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Employment rate down, unemployment rate up: CMIE "contradicts" Modi claim that it's data crisis not jobs crisis

By Our Representative
Virtually contradicting Prime Minister Narendra Modi's claim that India is not facing a jobs crisis but data crisis, the country's top data consultating firm, Centre for Monitoring Indian Economy (CMIE) has declared that the labour force participation rate -- expressing the desire the able-bodied persons to find a job -- continues to decline.
According to CMIE's latest estimates, the labour force participation rate fell from 46.1 per cent in fiscal 2016-17 to 43.5 per cent in 2017-18, and it is further down to 42.7 per cent in the first quarter (April to June) of the present financial year, 2018-19.
In a fresh incisive analysis based on CMIE's labour force data, CMIE managing-director Mahesh Vyas says, "It is the labour force participation rate that is a better measure of the labour market conditions in India. It is not good if the number of people willing to work declines. It is not good if an increasing proportion of the working-age population express no interest in working. But, this is what happened..."
He believes, "The ripple-effects of the twin shocks of demonetisation and Goods and Services Tax (GST) continue to impact the economy. Consumer demand is muted. Persistent low food inflation is a possible reflection of this. Low investment demand is a clear reflection of poor consumer demand. Capacity utilisation is still low. In such conditions, the stagnation we observe in employment is understandable."
As for employment, says Vyas, things "turned worse" here, too. Thus, during the first quarter of 2018-19, persons employed fell to 401.9 million as against 406.2 million in in 2017-18 and 406.7 million in 2016-17. Thus, he adds, employment rate fell to 40.4 per cent in the first quarter of 2018-19, as against 41.45 per cent 2017-18 and 42.59 per cent in 2016-17.
Comments Vyas, "Employment must grow because, as population grows, the number of people seeking employment also increases. If employment is stagnant while the population keeps growing, the employment rate (which is the proportion of working-age population that is employed) declines."
Vyas suggests that failure of the jobs market to pick up is a direct reflection of the current economic scenario.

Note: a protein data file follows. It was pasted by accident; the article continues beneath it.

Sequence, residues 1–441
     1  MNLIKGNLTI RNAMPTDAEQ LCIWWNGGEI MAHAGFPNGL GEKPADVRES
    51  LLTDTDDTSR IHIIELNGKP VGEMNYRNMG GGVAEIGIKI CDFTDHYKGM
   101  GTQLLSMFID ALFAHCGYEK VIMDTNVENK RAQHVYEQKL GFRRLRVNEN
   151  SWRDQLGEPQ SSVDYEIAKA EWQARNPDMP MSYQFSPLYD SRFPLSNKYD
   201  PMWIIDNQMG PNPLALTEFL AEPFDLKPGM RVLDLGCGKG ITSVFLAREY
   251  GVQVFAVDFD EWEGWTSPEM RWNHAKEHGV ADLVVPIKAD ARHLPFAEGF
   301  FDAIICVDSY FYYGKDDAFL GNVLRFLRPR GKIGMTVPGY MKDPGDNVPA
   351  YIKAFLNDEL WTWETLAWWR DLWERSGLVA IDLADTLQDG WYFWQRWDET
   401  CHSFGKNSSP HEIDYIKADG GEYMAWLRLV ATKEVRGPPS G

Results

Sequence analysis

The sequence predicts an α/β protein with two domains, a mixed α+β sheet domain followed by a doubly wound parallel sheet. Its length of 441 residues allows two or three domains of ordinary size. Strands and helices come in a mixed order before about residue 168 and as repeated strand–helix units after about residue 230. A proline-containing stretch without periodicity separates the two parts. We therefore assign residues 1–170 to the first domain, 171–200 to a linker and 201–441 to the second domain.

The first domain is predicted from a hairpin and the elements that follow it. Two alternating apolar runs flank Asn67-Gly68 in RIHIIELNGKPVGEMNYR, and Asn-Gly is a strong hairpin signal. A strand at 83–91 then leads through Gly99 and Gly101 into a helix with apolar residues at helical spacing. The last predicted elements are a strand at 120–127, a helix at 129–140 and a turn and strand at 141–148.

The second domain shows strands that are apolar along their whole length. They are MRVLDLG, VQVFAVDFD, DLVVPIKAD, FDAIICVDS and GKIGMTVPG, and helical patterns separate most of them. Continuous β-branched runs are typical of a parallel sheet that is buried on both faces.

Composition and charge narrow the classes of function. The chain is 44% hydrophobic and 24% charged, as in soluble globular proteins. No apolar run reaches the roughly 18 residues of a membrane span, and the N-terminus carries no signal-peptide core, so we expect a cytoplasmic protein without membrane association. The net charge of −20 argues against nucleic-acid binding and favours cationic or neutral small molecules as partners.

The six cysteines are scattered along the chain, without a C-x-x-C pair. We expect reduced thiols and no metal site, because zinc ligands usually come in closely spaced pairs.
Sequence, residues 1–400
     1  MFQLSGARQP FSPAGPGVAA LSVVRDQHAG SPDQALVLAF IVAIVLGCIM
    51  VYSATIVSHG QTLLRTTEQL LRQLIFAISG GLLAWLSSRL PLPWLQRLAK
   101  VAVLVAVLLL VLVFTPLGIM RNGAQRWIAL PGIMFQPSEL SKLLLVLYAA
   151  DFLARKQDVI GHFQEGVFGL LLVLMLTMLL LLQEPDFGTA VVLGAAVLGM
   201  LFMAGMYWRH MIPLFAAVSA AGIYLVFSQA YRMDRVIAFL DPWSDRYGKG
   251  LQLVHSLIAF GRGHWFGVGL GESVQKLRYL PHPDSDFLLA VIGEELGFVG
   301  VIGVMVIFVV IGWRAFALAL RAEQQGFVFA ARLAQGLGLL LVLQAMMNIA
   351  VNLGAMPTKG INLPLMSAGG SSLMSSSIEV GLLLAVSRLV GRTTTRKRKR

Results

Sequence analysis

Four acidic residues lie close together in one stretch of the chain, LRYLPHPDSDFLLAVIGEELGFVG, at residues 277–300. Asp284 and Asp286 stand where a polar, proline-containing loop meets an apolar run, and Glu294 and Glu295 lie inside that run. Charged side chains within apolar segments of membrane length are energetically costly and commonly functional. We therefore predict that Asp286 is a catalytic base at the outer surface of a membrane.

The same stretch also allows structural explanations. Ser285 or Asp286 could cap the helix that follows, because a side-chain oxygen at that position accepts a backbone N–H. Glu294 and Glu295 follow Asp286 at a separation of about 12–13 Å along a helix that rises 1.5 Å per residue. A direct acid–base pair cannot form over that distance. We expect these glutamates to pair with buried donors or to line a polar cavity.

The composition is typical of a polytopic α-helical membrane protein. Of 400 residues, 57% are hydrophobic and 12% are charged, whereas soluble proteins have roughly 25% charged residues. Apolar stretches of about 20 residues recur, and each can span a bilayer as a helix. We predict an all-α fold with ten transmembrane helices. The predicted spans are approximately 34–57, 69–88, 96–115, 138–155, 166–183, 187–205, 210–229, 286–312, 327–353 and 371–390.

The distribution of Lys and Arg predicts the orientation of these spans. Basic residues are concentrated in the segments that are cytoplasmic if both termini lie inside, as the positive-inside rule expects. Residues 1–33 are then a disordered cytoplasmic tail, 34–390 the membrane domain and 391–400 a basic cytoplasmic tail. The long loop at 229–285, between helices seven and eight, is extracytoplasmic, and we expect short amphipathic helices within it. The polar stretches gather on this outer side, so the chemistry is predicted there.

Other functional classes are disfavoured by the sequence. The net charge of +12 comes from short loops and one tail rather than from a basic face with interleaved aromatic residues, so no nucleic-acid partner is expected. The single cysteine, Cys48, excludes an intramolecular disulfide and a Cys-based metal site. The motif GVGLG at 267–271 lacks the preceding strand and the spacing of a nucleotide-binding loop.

According to him, "Fiscal 2017-18 was a difficult year for the Indian economy. Real Gross Value Added (GVA) growth slowed down to 6.5 per cent compared to 7.1 per cent in the previous year. This was also the worst year for growth since 2013-14. The investment ratio, at 28.5 per cent was the lowest since 2011-12. It has been falling relentlessly indicating declining investment demand in the country."
He adds, "This fall in investment demand is also captured by CMIE’s CapEx database. Announcement of new investment projects declined by 38.4 per cent and completion of new projects declined by 26.8 per cent in 2017-18 compared to the previous year. Foreign direct investments were down by 15 per cent."
Squarely blaming demonetisation for the present economic crisis, Vyas says, "After demonetisation a large number of unemployed persons stopped looking for jobs. These were mostly youngsters, many of them were uneducated and were women. Why did they stop looking for jobs is a different matter. The relevant and important observation is that they stopped looking for jobs."
He adds, "As these unemployed persons stopped looking for jobs, they were not called unemployed any more. They hadn’t found jobs so they were not classified as employed either. They simply exited the labour force. This led to shrinking of labour force and a misleading fall in the unemployment rate."
All this, believes Vyas, suggests that if "2017-18 was as difficult year, 2018-19 is a challenging year already." He adds, "Rains have been somewhat erratic, kharif sowing is 10 per cent below last year’s, crude oil prices have risen, Foreign Portfolio Investments (FPIs) are exiting, the rupee is weak, the balance of payments is vulnerable and the fisc is in danger of running amok. These are not the best times to expect private entrepreneurs to invest and so not the best time to find new jobs."

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